RGS Battlefields Tour 2015, day one: fallen leaves, an Old Novo and the dead

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I have been leading tours to the battlefields of the First World War for many years, thus visiting some sights more times than I can count with any ease. The odd thing is how those same sights can seem somehow fresh, new in their meaning somehow.

In many ways it is easy for that to happen at Tyne Cot. In part that is a function of scale, of the 11,000 graves, what can almost seem like the unending lines of the dead. For that reason, in part, it is almost natural to depersonalise them. They are the dead; in Charles Sorley’s immortal words, ‘It is easy to be dead.’ it is all too easy for us to see them as just that, just the dead.

They were, of course, the living once. The way in which the Imperial War Graves Commission set out the cemeteries gives us a balance. In many ways,they do not distinguish: the rows of white stone, the same for all regardless of rank, or distinction.

Yet they do. Militarily, by rank, or by regiment. Or, by name. But then, there are those with no name.

One Old Novo killed in.the Great War was a young man of 24, Henry Meldrum Pelham West. He had first come to the Western Front in 1915, had fought on the Somme and then was killed on the Ypres salient, September 20th, 1917. He was wound twice that day, until being killed taking his objective.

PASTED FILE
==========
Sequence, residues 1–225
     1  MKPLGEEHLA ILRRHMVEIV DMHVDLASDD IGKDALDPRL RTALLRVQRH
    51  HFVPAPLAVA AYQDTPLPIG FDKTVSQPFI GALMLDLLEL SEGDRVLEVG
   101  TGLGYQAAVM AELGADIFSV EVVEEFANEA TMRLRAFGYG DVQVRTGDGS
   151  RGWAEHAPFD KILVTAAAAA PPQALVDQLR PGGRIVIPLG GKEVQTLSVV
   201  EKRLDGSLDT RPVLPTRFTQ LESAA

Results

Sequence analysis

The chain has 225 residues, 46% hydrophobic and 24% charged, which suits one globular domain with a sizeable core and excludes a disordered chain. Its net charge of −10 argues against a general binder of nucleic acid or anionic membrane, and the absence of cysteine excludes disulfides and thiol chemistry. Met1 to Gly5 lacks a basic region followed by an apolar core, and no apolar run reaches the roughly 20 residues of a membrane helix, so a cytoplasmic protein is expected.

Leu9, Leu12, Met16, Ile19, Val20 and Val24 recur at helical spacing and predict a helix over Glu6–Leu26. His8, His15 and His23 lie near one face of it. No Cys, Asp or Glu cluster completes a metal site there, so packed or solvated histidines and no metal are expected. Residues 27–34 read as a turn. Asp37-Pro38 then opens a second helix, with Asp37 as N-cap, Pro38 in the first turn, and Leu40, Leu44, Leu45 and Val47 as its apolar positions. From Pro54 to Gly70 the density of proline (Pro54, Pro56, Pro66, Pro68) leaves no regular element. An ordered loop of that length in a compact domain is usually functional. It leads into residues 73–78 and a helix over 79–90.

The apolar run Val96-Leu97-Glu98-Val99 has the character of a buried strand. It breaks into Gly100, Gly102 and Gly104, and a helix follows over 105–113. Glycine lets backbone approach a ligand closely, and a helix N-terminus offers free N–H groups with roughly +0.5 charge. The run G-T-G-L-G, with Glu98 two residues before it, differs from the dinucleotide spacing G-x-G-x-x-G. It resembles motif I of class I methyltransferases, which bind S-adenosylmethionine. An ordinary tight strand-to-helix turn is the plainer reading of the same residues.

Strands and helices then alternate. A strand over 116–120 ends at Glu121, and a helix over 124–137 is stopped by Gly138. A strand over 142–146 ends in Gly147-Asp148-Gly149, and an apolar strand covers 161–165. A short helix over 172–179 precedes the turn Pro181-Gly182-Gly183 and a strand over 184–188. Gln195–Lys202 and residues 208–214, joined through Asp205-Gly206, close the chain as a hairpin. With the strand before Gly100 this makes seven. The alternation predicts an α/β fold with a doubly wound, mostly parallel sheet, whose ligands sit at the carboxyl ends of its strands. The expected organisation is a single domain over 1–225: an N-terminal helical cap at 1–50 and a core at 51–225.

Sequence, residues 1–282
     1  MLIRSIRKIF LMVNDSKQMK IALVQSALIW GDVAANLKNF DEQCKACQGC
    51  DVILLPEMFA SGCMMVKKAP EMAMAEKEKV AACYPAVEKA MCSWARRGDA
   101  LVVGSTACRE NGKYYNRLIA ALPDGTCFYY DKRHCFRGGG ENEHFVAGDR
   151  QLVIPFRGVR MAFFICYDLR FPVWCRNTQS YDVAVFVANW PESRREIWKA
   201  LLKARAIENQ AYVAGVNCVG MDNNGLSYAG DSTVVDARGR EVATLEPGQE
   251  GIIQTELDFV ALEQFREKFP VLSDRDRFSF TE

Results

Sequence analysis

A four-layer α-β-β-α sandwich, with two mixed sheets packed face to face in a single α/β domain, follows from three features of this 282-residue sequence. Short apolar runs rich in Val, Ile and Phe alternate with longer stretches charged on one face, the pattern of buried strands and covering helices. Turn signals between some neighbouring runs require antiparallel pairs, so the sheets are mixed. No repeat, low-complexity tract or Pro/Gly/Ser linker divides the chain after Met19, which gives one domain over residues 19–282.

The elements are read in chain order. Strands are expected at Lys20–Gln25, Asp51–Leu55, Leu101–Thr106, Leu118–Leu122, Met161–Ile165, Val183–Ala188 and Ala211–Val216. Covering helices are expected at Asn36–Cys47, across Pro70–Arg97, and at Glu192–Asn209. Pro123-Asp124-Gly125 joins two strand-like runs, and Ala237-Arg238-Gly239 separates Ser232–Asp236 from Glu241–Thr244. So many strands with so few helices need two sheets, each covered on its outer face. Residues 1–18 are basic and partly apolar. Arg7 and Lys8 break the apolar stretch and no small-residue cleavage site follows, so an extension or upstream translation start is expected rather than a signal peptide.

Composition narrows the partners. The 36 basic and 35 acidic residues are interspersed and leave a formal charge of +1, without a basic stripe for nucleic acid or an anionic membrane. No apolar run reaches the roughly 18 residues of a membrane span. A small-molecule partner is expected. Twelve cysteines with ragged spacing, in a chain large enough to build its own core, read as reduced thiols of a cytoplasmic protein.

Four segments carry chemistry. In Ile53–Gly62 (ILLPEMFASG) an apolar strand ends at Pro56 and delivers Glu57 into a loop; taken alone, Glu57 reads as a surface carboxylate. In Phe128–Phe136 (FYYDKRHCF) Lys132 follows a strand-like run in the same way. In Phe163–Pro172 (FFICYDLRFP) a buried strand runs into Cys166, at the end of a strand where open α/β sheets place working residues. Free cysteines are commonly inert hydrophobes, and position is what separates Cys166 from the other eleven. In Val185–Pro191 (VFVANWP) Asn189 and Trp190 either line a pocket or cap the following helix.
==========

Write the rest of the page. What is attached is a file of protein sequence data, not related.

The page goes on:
His grave is in Tyne Cot. I have been there before, but today saw things I had not noticed before. West was a captain in the Northumberland Fusiliers. In the row in front of him was an unknown soldier.

How can an unknown soldier be rembered as a person? In the most real sense, they cannot. Perhaps, in one sense, the author of those words, ‘A soldier of the Great War, known unto God’, makes every unknown soldier personal: his son, Jack, was one. In this case, the grave tells us he was a Northumberland Fusilier, just close to an officer. Behind both, from another regiment, was a major. Close by, was another officer. The inscription, paid for by his family, spoke of his sorrowing womenfolk, and then a simply of ‘duty well done’.

 Over them all loomed a tree, in its autumn beauty, and beneath it lay the fallen, yellow leaves of Autumn. The symbolism, the fallen, moved me at the very same rime as I thought of the officers, the men.  Fallen like leaves, the white stone. Yet each one, whether it was Captain West, or the soldier known so well unto God.

Each leaf is, was, unique. So was each man.

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